Wednesday, May 04, 2005

No Child Left Behind

When I hear columnists wringing their hands over Bill Gates' criticisms of American high school education, or lamenting that Bill Gates finds himself unable to hire high school graduates (as if that was his point), I hardly know what to say. The punditry's love of "No Child Left Behind", a "reform" which probably sets back what I would estimate to be Gates' vision of what U.S. public schools should achieve, seems inconsistent with its acceptance of Bill Gates' critique. That is, if you seriously want high schools to be able to produce graduates that Bill Gates would immediately hire into Microsoft, you shouldn't be standing behind a bill which aims instead to promote a culture of uniform mediocrity.

I am reminded of Harper Lee's narrative, as presented by Atticus Finch in To Kill A Mockingbord:
One more thing, gentlemen, before I quit. Thomas Jefferson once said that all men are created equal, a phrase that the Yankees and the distaff side of the Executive branch in Washington are fond of hurling at us. There is a tendency in this year of grace, 1935, for certain people to use this phrase out of context, to satisfy all conditions. The most ridiculous example I can think of is that the people who run public education promote the stupid and idle along with the industrious - because all men are created equal, educators will gravely tell you, the children left behind suffer terrible feelings of inferiority. We know all men are not created equal in the sense some people would have us believe - some people are smarter than others, some people have more opportunity because they're born with it, some men make more money than others, some ladies make better cakes than others - some people are born gifted beyond the normal scope of men.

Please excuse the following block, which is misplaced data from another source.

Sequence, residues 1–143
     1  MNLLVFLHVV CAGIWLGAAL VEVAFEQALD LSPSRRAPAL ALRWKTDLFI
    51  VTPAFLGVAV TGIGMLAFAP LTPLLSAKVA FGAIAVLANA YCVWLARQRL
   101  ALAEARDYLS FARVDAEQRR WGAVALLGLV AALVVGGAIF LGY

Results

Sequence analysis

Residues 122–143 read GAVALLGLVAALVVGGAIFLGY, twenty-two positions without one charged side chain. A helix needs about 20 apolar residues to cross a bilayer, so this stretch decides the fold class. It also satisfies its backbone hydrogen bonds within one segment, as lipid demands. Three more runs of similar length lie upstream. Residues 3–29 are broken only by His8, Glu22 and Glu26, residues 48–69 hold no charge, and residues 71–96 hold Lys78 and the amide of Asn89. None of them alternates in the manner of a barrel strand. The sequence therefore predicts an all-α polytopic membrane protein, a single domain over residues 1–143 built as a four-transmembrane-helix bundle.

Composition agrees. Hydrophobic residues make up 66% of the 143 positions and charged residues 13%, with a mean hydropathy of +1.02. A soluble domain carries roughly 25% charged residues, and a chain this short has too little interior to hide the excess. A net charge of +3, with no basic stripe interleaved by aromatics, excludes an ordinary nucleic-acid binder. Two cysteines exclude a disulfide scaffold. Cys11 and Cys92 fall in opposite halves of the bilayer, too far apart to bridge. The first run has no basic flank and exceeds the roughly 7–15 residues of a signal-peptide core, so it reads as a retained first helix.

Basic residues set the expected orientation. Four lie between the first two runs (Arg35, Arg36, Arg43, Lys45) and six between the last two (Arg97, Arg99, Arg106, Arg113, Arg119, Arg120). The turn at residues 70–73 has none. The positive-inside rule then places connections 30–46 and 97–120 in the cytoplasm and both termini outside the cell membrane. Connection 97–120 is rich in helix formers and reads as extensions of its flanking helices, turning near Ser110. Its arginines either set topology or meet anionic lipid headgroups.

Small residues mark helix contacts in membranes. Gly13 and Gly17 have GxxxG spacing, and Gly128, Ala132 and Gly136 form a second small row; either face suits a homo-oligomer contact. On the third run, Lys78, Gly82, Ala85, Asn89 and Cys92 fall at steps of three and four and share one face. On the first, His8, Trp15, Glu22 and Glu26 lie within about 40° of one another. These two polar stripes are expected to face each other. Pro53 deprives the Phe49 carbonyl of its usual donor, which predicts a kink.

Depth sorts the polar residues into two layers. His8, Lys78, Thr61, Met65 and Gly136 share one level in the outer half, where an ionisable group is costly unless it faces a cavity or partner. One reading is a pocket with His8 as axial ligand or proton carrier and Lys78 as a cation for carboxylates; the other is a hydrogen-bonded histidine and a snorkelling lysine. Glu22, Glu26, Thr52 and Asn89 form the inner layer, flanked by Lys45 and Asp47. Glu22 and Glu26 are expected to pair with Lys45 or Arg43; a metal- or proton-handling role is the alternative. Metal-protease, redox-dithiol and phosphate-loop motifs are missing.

Bill Gates, for all of his quirkiness (what do they say, again, about genius and madness), falls into that last category of person. And I can't help but believe that he wants our schools to identify and foster genius. He seems to want high schools which prepare kids for college, as opposed to preparing them for college remedial programs. And he probably does feel that there are kids like him in our nation's high schools who need to be identified and fostered, such that we can hear of a few six and seven figure salaries given to high school graduates for reasons other than their ability to consistently place a round ball through a small hoop suspended above their heads.

So when our nation's educators literally spend weeks testing even a single special education student, so severely mentally disabled that his regular classroom focus is on learning to feed himself or sit up properly, while the gifted continue to be told to fend for themselves - their test scores are plenty high already, thankyouverymuch - no matter how staunch an advocate you are for the rights of the disabled, can you regard that as a wise use of time, money, and resources?

1 comment:

  1. My guess is that schools that have the money and inclination to support 'gifted students' are those that are wealthy enough to throw money around pretty much how they like; the rest are too busy meeting the test score bar to care much. If the gifted kid is going to ace the test, why spend more money on her?


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